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How to rise to the challenges of big data and diversity

Divina Paredes | Oct. 12, 2016
For Dexibit founder and CEO Angie Judge, celebrating Ada Lovelace Day is just one way to help encourage women into science, technology, engineering and maths (STEM) careers.


Angie Judge, from software engineer to Dexibit CEO.

Angie Judge recalls attending a lecture for her software engineering course and finding there was only one other female in a class of 90.

This was in 2002, when Judge was completing her bachelor degree at AUT University.

“It feels like a long time ago, but the reality is it wasn't,” says Judge, now CEO of data analytics company Dexibit.

After completing her degree in business, strategic management and organisational change, Judge worked for multinational technology companies including Amdocs and Hewlett-Packard.

“I had the same experience of often finding myself the only woman in the room, or one of two in a large group,” says Judge.

“I am just determined to make sure we don’t have that kind of environment for Dexibit.”

Just a year old, Dexibit now has customers in New Zealand, Australia, the United States and Canada. These include the Auckland Art Gallery to the Smithsonian in Washington DC.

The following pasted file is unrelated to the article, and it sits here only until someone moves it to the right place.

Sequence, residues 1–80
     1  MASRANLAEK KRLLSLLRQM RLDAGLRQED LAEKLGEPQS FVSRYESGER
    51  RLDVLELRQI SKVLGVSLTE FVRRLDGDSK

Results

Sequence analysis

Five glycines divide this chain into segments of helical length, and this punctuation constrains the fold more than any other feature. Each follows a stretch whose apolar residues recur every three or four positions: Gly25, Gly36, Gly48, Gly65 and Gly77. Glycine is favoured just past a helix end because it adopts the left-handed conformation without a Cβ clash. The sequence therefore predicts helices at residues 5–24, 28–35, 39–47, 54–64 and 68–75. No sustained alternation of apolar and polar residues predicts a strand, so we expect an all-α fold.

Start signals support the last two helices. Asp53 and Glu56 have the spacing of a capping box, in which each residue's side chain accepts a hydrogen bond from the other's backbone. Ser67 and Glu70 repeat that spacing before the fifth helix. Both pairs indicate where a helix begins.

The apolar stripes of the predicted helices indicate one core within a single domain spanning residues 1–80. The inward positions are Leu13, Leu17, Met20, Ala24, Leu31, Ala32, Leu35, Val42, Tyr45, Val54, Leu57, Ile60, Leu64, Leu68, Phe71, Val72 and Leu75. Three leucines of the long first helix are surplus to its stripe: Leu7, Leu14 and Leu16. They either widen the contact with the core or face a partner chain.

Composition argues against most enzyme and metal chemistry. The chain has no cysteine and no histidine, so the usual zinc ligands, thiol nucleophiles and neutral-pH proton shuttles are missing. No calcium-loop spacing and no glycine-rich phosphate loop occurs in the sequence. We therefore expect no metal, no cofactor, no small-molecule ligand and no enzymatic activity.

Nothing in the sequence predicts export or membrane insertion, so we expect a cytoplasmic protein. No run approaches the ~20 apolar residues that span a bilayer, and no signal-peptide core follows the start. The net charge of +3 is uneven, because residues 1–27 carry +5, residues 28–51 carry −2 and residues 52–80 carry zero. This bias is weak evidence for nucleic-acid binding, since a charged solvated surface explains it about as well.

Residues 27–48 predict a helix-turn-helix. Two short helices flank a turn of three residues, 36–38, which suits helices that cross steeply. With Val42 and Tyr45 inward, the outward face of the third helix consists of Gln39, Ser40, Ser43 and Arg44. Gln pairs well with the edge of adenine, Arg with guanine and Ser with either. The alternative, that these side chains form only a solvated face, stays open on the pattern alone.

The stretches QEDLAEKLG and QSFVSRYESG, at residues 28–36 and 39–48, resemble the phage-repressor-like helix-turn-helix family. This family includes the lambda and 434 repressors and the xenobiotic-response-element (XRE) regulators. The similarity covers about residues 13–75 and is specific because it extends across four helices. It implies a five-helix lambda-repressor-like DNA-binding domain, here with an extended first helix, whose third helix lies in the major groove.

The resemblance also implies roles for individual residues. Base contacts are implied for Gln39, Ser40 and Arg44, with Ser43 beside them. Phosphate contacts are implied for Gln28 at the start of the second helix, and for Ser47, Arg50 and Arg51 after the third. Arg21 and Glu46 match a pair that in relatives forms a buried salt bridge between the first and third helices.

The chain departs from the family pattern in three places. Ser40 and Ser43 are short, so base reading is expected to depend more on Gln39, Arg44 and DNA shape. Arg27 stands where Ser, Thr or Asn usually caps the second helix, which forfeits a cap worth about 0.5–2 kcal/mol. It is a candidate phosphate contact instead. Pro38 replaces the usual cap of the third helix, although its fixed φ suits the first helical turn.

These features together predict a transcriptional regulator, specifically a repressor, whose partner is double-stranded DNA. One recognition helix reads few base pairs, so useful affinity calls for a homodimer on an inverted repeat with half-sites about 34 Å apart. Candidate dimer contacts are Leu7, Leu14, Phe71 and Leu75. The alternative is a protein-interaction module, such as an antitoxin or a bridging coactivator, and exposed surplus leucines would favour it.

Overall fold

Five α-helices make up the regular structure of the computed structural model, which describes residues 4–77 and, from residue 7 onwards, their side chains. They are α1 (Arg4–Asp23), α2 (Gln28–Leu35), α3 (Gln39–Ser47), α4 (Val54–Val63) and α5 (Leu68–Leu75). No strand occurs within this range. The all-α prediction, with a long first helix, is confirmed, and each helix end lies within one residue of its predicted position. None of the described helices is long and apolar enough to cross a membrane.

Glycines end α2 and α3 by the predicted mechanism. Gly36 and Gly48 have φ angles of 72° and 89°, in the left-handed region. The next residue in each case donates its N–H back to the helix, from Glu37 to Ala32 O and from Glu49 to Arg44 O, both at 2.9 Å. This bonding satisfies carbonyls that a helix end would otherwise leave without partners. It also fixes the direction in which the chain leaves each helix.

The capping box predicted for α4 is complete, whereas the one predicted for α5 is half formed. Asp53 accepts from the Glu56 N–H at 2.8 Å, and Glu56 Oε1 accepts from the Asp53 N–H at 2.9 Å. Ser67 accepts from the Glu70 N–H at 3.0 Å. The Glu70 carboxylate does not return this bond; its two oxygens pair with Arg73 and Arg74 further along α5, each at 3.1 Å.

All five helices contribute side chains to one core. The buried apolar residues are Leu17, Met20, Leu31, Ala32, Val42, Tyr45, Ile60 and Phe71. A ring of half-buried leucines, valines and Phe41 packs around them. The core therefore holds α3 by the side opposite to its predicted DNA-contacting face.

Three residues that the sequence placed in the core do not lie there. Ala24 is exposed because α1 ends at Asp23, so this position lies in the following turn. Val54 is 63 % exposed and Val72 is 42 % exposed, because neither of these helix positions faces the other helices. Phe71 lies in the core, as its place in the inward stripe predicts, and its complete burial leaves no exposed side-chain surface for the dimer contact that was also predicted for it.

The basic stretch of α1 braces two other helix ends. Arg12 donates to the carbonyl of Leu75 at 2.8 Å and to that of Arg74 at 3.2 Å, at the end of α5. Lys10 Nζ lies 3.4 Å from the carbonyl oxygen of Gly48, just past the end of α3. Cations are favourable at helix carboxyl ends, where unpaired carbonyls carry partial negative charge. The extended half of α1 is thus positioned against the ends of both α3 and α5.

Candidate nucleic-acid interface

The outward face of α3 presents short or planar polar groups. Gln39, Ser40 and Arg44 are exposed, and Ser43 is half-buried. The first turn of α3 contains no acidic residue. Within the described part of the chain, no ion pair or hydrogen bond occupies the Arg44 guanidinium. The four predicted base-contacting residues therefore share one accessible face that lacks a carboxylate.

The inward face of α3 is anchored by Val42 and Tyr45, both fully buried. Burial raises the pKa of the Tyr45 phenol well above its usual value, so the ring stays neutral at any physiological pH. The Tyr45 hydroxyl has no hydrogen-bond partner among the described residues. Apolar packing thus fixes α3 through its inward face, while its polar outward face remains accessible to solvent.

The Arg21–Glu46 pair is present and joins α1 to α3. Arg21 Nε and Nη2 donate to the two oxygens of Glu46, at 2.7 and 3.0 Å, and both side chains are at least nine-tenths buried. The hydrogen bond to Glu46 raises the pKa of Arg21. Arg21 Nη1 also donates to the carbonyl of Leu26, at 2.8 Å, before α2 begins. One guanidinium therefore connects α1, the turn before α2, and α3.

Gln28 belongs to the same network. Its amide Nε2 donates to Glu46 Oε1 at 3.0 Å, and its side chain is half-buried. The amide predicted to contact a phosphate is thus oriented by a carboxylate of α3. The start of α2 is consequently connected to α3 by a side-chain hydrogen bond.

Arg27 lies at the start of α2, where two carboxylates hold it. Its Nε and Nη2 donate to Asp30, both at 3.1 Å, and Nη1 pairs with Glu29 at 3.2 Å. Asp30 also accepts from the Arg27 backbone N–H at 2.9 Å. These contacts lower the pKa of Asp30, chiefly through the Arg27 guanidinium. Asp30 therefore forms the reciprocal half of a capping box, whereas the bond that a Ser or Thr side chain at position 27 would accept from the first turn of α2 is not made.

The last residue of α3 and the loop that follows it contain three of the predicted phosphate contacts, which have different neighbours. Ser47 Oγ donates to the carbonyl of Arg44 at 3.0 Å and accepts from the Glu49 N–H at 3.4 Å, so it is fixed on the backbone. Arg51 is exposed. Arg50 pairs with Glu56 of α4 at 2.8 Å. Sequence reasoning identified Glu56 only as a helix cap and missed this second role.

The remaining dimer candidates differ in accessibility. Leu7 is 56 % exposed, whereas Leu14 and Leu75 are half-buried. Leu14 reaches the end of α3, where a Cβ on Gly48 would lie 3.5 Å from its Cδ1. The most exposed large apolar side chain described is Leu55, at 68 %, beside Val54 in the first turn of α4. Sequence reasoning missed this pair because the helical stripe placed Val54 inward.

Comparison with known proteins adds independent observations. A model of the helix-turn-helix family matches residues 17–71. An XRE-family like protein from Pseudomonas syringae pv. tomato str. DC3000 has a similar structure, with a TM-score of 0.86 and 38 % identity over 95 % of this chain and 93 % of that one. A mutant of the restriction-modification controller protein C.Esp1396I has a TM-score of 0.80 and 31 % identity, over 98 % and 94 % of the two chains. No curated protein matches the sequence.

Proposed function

Just a year old, Dexibit now has customers in New Zealand, Australia, the United States and Canada. These include the Auckland Art Gallery to the Smithsonian in Washington DC.

Judge founded Dexibit just over a year ago. The company provides analytics on visitor behaviour onsite and online, enabling data driven decisions that increase visitation for museums and other cultural institutions.

“We work with data from the visitor's physical presence via mobile signals, online traffic, social media, commercial transactions, weather and more, presenting personalised, real-time dashboards to museum managers,” says Judge.

Dexibit now has 10 staff, with customers in New Zealand, Australia, the United States and Canada. “From Auckland Art Gallery to the Smithsonian.”

“We are also diverse,” adds Judge. “Forty per cent of our team are women and we speak 13 languages amongst us.”

Honouring a tech pioneer

Judge shares her experience, as she talks about the significance of Ada Lovelace Day, which is held every second Tuesday of October.

Ada Lovelace Day or ALD, is an international day celebrating the achievements of women in science, technology, engineering and maths, known as STEM.

The day was named for Lovelace, considered the world’s first computer programmer, an English mathematician in the 19th century.

According to a website on famous scientists, Lovelace “took part in writing the first published program and recognised for the first time that computers could do much more than just calculations”.

October 11 is Ada Lovelace Day, which pays tribute to women in STEM careers.
October 11 is Ada Lovelace Day, which pays tribute to women in STEM careers.

Judge is keen to promote the legacy of Lovelace.

 

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